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PowerShares Canada has reduced the management fee on its TSX-listed PowerShares Senior Loan (CAD Hedged) Index ETF (BKL). The move appears to be a direct response to the launch of a competing fund from First Trust.
The fee on the PowerShares fund, which was introduced in April 2012, has been cut by 0.10% to 0.80%.
This makes it marginally cheaper than the recently launched First Trust Senior Loan ETF (CAD-Hedged) (FSL), which debuted on the exchange in August and charges 0.85%.
Both funds provide access to an asset class that has historically delivered higher yield than other fixed-income securities of equal or higher credit quality and offers investors an added measure of security against borrower default.
In addition, the low duration of senior loans may help to reduce a portfolio’s overall interest-rate sensitivity.
The PowerShares fund, which is passively managed, is linked to the S&P/LSTA US Leveraged Loan 100 Index (CAD Hedged). This index reflects the performance of largest facilities in the US leveraged loan market, while hedging movements in the USD/CAD exchange rate. The index mirrors the market-weighted performance of the largest institutional leveraged loans based upon market weightings, spreads, and interest payments. The fund has in excess of C$46 million in assets under management.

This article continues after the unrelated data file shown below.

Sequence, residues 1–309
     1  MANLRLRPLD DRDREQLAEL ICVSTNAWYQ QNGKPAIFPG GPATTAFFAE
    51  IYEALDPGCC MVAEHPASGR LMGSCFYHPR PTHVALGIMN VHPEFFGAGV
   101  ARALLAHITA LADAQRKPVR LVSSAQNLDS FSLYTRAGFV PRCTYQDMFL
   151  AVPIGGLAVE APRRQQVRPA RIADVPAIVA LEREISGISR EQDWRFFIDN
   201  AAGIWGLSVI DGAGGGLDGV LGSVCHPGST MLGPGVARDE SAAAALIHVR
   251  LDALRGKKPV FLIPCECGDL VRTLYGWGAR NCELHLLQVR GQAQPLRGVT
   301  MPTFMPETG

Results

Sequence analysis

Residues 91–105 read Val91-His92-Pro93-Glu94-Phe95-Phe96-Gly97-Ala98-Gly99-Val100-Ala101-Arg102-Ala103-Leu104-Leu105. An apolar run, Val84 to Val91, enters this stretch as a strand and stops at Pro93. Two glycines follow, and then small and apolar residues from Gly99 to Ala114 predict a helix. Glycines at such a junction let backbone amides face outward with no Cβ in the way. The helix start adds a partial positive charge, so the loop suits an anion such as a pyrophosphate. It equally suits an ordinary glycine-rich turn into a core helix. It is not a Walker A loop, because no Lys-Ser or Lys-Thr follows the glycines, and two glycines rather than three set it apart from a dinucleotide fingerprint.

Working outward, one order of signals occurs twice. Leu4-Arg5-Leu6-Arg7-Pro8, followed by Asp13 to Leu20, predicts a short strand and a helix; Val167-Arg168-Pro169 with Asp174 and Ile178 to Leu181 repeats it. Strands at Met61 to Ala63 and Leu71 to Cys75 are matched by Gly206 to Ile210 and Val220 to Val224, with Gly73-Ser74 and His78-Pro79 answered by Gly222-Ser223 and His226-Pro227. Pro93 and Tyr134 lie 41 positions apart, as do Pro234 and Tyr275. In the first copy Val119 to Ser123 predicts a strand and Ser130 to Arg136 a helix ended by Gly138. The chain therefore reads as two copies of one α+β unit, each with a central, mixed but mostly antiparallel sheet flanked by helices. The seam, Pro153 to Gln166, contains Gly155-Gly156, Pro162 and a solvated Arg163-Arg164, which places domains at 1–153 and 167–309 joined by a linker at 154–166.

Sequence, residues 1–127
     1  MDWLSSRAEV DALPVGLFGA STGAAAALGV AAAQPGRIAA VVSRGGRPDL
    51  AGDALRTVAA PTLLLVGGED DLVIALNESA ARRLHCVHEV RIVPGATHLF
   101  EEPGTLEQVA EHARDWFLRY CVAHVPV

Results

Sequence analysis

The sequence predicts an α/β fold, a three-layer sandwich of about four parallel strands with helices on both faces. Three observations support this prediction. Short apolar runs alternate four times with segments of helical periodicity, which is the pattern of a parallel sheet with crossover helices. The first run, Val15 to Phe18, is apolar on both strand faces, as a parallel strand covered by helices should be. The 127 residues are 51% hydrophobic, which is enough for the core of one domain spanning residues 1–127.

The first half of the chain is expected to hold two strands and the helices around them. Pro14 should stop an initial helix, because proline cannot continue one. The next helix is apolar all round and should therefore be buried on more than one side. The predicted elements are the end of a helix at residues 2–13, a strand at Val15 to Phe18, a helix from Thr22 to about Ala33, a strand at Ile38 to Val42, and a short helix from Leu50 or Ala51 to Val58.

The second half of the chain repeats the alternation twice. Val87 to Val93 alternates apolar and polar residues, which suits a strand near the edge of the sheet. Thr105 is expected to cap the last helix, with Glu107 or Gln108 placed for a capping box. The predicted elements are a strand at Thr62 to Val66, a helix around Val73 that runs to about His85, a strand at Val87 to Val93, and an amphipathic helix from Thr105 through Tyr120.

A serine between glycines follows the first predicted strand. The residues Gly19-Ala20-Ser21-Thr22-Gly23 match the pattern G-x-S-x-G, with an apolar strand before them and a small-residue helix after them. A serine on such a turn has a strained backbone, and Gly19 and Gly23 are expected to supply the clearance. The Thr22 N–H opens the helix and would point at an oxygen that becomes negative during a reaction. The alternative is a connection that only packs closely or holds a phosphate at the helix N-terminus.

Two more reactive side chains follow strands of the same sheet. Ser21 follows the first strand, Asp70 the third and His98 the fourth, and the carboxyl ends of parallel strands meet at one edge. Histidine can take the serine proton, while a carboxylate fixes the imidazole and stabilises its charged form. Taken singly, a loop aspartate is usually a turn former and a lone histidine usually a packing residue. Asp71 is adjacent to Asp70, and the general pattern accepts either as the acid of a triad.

The First Trust fund meanwhile is benchmarked to the same S&P/LSTA index but is actively managed. Its objective is to provide a high level of current income by investing in a diversified portfolio of senior floating rate loans and debt securities, with capital appreciation as a secondary objective. The fund, which, like the PowerShares fund, is currency hedged, will primarily invest in loans which are generally rated at or below BB+ by Standard & Poors, or Ba1 or less by Moody’s, or a similar rating by an approved credit rating organisation. The fund has just shy of C$10 million in assets under management.
Commenting on the outlook for senior loans, Michael Cooke, Head of Distribution, PowerShares Canada, said: “For investors concerned about the US Federal Reserve’s latest signals on tapering its bond-buying programme, BKL may provide peace of mind. Historically, senior loans have fared extremely well relative to other fixed-income securities in rising-rate environments, delivering attractive current income, reduced interest-rate sensitivity and the added security of assets backed by collateral.”